Above the monk at the right, and separ- 
ated from the main inscription by the head 
of Saint Thomas, is a small letter E. 
This I take to be the initial letter of the 
name of Edward Grim, one of the witnesses, 
it will be remembered, of the saint's mar- 
tyrdom. If this is correct, the bearer 
supporting the head of Saint Thomas may 
thus be identified as Edward Grim. 

Chartres, the probability is that the reli- 
quary was made to his order, and when he 
was treasurer of Exeter, between 1 174 and 
1 176. 

Continuing the description, we may note 
on the cover, above the scene just des- 
cribed, an angel who carries in his arms the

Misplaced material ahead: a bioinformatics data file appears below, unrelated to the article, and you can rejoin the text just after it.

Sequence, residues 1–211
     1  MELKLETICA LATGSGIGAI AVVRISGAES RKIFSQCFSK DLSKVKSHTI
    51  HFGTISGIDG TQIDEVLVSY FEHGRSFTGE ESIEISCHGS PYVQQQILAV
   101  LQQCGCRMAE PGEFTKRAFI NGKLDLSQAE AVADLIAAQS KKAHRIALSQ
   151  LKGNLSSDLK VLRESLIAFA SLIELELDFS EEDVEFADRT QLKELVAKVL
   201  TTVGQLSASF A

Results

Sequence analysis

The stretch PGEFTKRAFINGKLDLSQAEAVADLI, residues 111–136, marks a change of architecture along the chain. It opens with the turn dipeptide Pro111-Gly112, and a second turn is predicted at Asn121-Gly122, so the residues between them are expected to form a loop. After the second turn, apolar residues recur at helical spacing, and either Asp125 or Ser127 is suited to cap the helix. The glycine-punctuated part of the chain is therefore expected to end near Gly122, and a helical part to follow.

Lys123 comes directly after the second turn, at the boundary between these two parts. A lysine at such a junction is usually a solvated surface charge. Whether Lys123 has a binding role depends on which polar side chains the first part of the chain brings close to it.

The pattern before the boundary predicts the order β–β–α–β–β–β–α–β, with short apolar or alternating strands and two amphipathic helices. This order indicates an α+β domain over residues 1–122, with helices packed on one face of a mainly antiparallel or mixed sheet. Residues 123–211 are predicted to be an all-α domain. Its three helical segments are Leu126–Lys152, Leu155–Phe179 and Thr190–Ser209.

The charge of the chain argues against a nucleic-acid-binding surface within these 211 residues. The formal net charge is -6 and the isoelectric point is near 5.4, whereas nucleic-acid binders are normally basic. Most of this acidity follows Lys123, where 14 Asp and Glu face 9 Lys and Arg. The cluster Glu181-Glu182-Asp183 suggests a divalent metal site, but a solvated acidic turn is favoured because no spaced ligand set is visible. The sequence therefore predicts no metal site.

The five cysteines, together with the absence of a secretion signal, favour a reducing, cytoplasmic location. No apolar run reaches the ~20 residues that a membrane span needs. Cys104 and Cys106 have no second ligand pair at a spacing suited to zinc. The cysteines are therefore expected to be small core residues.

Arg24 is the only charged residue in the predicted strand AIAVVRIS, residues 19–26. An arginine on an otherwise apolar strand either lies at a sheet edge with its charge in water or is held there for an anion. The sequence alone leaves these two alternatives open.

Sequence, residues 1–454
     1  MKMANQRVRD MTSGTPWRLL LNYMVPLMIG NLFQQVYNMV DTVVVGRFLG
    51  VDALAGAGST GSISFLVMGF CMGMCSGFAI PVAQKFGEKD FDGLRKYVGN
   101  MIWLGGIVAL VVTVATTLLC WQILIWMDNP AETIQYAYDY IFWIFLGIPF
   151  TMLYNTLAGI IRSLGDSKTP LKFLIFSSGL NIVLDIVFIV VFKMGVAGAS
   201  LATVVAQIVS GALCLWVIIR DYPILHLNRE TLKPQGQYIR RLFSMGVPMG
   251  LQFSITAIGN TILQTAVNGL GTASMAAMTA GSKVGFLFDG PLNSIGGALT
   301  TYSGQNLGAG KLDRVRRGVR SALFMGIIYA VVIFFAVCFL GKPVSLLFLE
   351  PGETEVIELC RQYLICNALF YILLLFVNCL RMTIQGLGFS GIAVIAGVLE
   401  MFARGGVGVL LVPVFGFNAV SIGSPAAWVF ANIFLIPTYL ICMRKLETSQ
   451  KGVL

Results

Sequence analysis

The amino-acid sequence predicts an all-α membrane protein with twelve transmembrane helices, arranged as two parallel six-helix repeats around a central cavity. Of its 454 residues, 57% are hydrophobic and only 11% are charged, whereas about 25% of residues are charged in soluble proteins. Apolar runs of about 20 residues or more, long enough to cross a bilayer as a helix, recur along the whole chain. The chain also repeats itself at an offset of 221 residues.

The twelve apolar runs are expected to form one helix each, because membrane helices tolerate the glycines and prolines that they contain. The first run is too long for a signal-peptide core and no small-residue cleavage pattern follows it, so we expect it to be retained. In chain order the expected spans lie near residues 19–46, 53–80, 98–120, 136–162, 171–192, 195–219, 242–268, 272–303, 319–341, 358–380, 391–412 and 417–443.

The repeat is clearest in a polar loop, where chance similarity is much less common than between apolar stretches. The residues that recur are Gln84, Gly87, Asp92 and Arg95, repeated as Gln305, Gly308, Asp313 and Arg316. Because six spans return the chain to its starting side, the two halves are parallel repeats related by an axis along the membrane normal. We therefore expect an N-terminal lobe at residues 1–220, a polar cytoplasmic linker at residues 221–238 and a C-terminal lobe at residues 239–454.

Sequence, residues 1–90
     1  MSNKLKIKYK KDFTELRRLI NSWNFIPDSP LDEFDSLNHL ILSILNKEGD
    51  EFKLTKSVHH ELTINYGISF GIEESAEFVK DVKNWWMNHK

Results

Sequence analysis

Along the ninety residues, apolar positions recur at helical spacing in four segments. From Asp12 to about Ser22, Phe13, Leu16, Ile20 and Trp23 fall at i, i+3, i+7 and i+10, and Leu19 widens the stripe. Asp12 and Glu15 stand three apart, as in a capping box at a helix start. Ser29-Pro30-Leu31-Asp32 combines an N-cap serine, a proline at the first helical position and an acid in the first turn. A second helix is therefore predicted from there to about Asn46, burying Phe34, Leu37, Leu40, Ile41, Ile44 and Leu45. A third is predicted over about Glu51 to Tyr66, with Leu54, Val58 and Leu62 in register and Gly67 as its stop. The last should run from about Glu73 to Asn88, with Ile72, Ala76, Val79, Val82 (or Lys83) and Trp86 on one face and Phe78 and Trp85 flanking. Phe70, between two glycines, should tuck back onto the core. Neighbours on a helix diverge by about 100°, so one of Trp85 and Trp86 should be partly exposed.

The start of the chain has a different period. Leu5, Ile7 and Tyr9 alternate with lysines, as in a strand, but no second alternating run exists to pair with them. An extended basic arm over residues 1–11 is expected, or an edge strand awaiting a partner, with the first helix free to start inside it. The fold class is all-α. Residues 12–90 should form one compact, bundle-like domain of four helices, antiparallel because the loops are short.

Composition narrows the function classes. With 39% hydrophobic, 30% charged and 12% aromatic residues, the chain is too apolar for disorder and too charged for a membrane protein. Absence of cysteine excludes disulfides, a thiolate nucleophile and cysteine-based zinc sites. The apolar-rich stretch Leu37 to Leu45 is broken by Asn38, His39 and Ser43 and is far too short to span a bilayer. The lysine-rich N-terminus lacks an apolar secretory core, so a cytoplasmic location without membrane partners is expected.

soul of the martyr figured as a nude child. 
On each short side of the box an angel is 
represented. The corresponding sides of 
the cover are decorated with balanced 
designs of leaves and flowers. 

What was the nationality of the artist? 

mm **~T f i 1 *j > 1 . ■. , ■ n^^"' ym- .mmm »«*—***" 


. - i^' ' W / 

0& ■■■' A 



The other bearer 1 wish to identify as 
John of Salisbury on the evidence of an 
inscription placed to the left of the figure 
and separate from the main lettering. 
The inscription, unfortunately somewhat 
injured, is composed of the letter I followed 
by a sign of contraction and a small letter 
T. This, I believe, is an abbreviation for 
Iohannes Tesserarius, or John (of Salis- 
bury), Treasurer (of Exeter). It is reason- 
able to assume, since the artist has given 
prominence to the two clerics and taken 
pains to identify them, that the reliquary 
was made either for Edward Grim or for 
John of Salisbury. Since the reliquary 
appears to have been designed to contain